If I were Attorney General, I would take action to assist in global efforts to end human trafficking and slavery, by addressing goods imported into Australia where these crimes have been used in the production of the goods. There can be no doubt there are goods entering Australia that are produced using slavery or trafficked labour. The US Department of Labor has identified a wide range of goods that involved the use of forced labour and exploited child labour that are imported into the US. These goods include footwear, textiles, cocoa, bricks, carpets, clothing, cotton, gems, rice, silk, palm oil, rubber and pornography. For example, the US Department of State estimates that more than 109,000 children in Cote d’Ivoire’s cocoa industry work under “the worst forms of child labor”, and that some 10,000 are victims of human trafficking or enslavement. Cote d’Ivoire supplies approximately 40% of the world’s cocoa supplying brands like Nestlé and Mars.
Many of the same goods from the same countries are imported into Australia. For those goods where trade figures exist, over $600 million of goods in categories where there is a risk that forced labour or exploited child labour were used in the production were imported into Australia in 2009–2010.
While the Australian Government has made it an offence for any Australian individual or company to engage in any financial transaction involving a slave, regardless of where it occurs in the world, no effort is currently made to identify Australian companies importing goods that involve the use of slavery in their production. The result is that no Australian company has been prosecuted for being associated with slavery in the production of goods they have imported and sold.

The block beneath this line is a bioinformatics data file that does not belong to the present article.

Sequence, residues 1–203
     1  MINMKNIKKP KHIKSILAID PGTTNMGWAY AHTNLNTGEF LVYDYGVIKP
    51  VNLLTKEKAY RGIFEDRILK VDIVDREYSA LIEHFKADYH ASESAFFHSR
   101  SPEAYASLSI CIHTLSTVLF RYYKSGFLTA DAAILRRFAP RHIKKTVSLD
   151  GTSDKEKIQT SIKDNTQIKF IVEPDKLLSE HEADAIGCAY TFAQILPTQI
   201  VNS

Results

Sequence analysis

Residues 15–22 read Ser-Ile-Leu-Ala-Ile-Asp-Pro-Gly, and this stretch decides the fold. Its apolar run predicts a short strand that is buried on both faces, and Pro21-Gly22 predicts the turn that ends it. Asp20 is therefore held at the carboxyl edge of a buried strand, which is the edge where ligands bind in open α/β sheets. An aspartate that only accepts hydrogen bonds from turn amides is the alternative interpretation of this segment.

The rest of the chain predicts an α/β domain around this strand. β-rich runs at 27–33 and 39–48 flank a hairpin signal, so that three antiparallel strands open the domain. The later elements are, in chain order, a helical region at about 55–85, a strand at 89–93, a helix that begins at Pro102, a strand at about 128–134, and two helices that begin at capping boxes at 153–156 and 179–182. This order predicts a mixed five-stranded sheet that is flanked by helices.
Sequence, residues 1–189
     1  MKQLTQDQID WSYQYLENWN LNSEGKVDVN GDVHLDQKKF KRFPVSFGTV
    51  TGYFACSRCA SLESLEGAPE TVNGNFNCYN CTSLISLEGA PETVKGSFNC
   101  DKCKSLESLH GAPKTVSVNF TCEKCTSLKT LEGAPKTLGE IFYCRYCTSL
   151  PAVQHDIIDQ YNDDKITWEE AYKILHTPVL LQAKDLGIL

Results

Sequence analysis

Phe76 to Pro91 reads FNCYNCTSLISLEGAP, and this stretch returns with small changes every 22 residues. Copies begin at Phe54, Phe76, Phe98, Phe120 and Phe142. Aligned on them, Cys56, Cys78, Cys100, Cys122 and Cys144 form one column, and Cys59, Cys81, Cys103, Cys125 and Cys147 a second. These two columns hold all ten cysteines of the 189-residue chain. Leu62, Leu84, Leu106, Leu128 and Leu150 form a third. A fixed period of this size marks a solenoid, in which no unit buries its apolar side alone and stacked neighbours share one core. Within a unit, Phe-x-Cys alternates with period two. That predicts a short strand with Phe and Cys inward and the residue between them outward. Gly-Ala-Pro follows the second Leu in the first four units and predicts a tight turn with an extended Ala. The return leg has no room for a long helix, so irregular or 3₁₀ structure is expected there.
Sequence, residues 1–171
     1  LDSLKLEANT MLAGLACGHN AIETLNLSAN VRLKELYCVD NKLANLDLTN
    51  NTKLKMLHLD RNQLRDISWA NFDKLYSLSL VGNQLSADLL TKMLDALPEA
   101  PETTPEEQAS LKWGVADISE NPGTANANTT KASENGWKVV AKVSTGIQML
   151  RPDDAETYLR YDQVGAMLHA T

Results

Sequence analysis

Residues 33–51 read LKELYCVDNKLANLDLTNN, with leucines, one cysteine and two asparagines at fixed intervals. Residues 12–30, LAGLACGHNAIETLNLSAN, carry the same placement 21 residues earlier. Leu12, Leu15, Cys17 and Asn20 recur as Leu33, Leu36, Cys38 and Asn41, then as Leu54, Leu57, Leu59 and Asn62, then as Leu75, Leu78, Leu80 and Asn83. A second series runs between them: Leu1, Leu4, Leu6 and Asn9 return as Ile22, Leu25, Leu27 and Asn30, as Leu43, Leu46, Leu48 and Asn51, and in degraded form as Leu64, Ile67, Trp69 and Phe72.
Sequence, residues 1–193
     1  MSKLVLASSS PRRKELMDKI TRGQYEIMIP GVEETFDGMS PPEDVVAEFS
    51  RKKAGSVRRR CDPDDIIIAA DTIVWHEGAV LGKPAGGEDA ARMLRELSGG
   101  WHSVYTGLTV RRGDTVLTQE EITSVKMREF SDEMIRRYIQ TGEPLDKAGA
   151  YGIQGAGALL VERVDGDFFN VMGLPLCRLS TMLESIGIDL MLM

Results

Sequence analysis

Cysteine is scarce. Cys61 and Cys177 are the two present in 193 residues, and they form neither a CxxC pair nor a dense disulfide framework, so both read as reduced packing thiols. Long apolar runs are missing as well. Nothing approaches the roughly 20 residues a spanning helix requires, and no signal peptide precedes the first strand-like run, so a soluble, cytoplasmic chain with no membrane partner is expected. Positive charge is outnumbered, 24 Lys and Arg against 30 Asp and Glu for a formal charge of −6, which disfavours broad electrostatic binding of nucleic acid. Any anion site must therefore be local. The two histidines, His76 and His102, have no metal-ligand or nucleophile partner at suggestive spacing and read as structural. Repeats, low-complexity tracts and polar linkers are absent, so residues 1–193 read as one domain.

Slavery is recognised internationally as a serious criminal offence, and human trafficking is achieving similar recognition. Other countries around the world, especially the US, are taking slavery and human trafficking in the supply chains of companies with growing seriousness and introducing measures to address the problem.
One of the reasons Australia needs to act is law and, especially, law enforcement is inadequate in combating slavery and human trafficking in a number of countries that Australia imports goods from. While many of these countries have made commendable efforts to combat slave labour, forced labour and trafficked labour, support from the demand side of the equation by consumer countries like Australia would assist in eradicating these abuses.
Further, goods produced with the involvement of slavery or trafficked labour meet the international definition for the proceeds of crime. Australia is a State Party to the UN Convention Against Corruption(UNCAC). Article 2 of UNCAC defines “Proceeds of Crime” as “any property derived from or obtained, directly or indirectly, through the commission of an offence”. By this definition, goods produced through the use of slavery and trafficked labour and any revenue generated from the sale of such goods are proceeds of crime.